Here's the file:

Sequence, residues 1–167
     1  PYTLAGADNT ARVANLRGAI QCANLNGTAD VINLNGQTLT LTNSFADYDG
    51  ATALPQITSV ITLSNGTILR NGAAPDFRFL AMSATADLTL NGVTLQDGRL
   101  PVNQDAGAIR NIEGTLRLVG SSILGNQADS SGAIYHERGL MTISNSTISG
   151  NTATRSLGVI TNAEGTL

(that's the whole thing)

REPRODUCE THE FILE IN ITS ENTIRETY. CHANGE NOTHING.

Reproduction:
Sequence, residues 1–167
     1  PYTLAGADNT ARVANLRGAI QCANLNGTAD VINLNGQTLT LTNSFADYDG
    51  ATALPQITSV ITLSNGTILR NGAAPDFRFL AMSATADLTL NGVTLQDGRL
   101  PVNQDAGAIR NIEGTLRLVG SSILGNQADS SGAIYHERGL MTISNSTISG
   151  NTATRSLGVI TNAEGTL